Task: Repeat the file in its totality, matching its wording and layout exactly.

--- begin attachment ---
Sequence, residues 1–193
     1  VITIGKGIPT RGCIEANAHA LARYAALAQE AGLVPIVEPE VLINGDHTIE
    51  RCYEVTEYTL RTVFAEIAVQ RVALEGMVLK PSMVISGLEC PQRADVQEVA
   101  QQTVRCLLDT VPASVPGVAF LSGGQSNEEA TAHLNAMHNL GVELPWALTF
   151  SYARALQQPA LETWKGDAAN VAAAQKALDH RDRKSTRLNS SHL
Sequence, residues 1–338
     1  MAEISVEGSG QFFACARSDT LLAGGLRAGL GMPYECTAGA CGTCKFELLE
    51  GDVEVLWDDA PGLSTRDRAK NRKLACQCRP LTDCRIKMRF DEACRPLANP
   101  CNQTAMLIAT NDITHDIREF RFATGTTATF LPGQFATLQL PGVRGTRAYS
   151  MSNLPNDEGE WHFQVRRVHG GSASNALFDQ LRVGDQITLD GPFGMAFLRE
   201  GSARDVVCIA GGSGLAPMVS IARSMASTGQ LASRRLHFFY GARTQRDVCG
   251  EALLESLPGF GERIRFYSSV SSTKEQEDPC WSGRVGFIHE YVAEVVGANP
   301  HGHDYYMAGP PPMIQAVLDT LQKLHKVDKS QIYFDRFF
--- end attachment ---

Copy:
Sequence, residues 1–193
     1  VITIGKGIPT RGCIEANAHA LARYAALAQE AGLVPIVEPE VLINGDHTIE
    51  RCYEVTEYTL RTVFAEIAVQ RVALEGMVLK PSMVISGLEC PQRADVQEVA
   101  QQTVRCLLDT VPASVPGVAF LSGGQSNEEA TAHLNAMHNL GVELPWALTF
   151  SYARALQQPA LETWKGDAAN VAAAQKALDH RDRKSTRLNS SHL
Sequence, residues 1–338
     1  MAEISVEGSG QFFACARSDT LLAGGLRAGL GMPYECTAGA CGTCKFELLE
    51  GDVEVLWDDA PGLSTRDRAK NRKLACQCRP LTDCRIKMRF DEACRPLANP
   101  CNQTAMLIAT NDITHDIREF RFATGTTATF LPGQFATLQL PGVRGTRAYS
   151  MSNLPNDEGE WHFQVRRVHG GSASNALFDQ LRVGDQITLD GPFGMAFLRE
   201  GSARDVVCIA GGSGLAPMVS IARSMASTGQ LASRRLHFFY GARTQRDVCG
   251  EALLESLPGF GERIRFYSSV SSTKEQEDPC WSGRVGFIHE YVAEVVGANP
   301  HGHDYYMAGP PPMIQAVLDT LQKLHKVDKS QIYFDRFF